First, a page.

The Audiobook industry has certainly grown up in the digital world. The rise of audio publishing is directly proportionate to the rise of digital distribution. In 2007 a paltry 3,073 titles were available and rose exponentially to over 20,000 published titles in 2013. The entire industry is said to be worth over two billion dollars, which is a huge jump from $480 million in retail sales in 1997.
The audiobook industry first gained momentum in 1970 when low cost cassettes allowed libraries to easily purchase and distribute them to their patrons. The industry was rather niche until 2002 when CDs became the dominant medium and represented 78% of all sales in 2008. The standard CD audiobook declined in 2011 in favor of digital downloads, which currently accounts for 61% of all sales in 2013.
The United States is currently the dominant audiobook market in terms of sales. The United Kingdom has only generated £126 million in 2013 and has been experiencing an annual 6.8% growth rate. The largest four players in the industry are estimated to account for 49.8% of revenue. With the exception of defunct AudioGo Limited, the industry is dominated by well-established publishers that already operate in the print publishing market and have access to a wide range of titles that can be easily converted to audiobooks. Concentration in the industry has declined slightly over the past five years as more enterprises have entered and competition has intensified. The industry remains fairly fragmented as smaller enterprises have access to just a few titles for publishing.
In Germany audiobooks are becoming more popular than ebooks. In the last twelve months, close to five million customers have purchased an audiobook, which accounts for 7% of the overall population. This is one of the hottest segments currently operating in Germany and ironically gets the least amount of attention.
The most dominant content distribution platform for audiobooks currently is Amazon owned Audible. This company has the highest market penetration and has seen a 33% increase in sales in 2012. They have created over 26,000 audiobooks and adding close to 1,000 titles a month. Most of their success derives from their new technologies that allow readers a myriad of options. If you purchase both the audiobook and eBook you can have the book professionally narrated to you, as you are reading. Else, you can read a few chapters on your Kindle and pick up exactly where you left off on the audio edition. This type of synergy is fairly compelling for people who read at night and do things during the day. Matthew Thornton of Audible commented – “We’re seeing heavy growth among younger listeners, people in and getting out of college who are part of the emerging app culture.”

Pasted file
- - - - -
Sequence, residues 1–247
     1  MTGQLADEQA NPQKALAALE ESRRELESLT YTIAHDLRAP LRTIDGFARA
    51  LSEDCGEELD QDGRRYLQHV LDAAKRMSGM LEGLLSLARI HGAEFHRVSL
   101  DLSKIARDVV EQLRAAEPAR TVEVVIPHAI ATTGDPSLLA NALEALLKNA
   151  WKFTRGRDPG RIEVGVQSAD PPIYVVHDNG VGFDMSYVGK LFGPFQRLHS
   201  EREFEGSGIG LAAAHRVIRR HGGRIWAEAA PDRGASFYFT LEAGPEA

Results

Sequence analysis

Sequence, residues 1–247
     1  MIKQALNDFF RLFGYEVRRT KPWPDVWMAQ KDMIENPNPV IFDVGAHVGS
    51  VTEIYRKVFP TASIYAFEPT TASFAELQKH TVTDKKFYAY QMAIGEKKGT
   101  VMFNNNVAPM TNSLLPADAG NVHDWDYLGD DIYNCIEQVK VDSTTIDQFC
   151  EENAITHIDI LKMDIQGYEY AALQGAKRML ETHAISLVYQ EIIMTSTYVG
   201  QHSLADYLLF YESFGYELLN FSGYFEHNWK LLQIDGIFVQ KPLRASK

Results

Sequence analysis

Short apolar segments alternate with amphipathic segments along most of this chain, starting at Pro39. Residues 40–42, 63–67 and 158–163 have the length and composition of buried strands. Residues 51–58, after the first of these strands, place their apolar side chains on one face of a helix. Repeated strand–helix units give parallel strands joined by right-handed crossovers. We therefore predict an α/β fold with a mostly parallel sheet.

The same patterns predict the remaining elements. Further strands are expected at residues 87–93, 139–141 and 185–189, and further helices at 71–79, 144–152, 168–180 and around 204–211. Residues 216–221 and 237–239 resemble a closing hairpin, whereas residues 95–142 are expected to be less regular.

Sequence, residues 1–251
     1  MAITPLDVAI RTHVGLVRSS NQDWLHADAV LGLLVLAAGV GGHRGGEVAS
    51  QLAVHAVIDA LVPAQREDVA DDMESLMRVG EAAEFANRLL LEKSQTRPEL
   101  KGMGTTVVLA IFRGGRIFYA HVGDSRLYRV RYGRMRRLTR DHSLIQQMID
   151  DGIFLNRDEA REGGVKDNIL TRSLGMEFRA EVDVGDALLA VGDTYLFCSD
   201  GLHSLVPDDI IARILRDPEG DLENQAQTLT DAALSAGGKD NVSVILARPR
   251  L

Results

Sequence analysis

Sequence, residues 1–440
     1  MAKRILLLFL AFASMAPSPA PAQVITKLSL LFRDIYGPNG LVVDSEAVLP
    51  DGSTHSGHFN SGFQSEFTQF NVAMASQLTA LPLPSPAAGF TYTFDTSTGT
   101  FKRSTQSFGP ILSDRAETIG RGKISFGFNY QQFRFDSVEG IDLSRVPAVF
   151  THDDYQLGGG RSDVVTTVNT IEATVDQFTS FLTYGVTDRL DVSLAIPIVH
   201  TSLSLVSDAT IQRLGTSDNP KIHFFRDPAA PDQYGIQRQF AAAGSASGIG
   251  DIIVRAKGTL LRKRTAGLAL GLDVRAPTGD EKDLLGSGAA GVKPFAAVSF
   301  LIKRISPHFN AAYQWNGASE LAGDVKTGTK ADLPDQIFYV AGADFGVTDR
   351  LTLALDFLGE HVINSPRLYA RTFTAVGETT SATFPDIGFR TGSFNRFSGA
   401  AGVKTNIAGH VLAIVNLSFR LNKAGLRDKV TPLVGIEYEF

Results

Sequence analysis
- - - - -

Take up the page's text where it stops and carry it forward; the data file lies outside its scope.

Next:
One of the ways Audible has such a large catalog is primarily due to their established relationships with major publishers. They also own and operate the Audiobook Creation Exchange. Publishers and authors who own unused audiobook rights can post them on ACX, along with narration preferences (e.g., narrator’s gender, accents, voice types). Audio publishers and audio studios—as well as individual narrators with home studios—can search for titles that interest them and then audition to turn those rights into audiobooks. Rights holders can hire a narrator or producer, or create entrepreneurial partnerships with shared royalty structures that allow audiobooks to be produced without upfront costs. Alternatively, existing audio publishers can simply use ACX to discover audio rights to produce on their own.
When it comes to audiobook sales in the digital format they are often 10% of the eBook industry, in terms of overall value. Major publishers are hoping to accelerate this growth to over 20% within the next two years. “We’re going to continue to see more and more titles being published,” says Chris Lynch, president and publisher of Simon & Schuster Audio “Increasing our list in a way that’s smart, thoughtful, strategic, and economically viable—that’s a big focus for us,” says Mary Beth Roche, v-p and publisher of Macmillan Audio/QDT. “We’re going deeper into the science fiction/fantasy and mystery/thriller categories.”
Michael Kozlowski has been writing about audiobooks and e-readers for the past twelve years. His articles have been picked up by major and local news sources and websites such as the CBC, CNET, Engadget, Huffington Post and the New York Times. He Lives in Vancouver, British Columbia, Canada.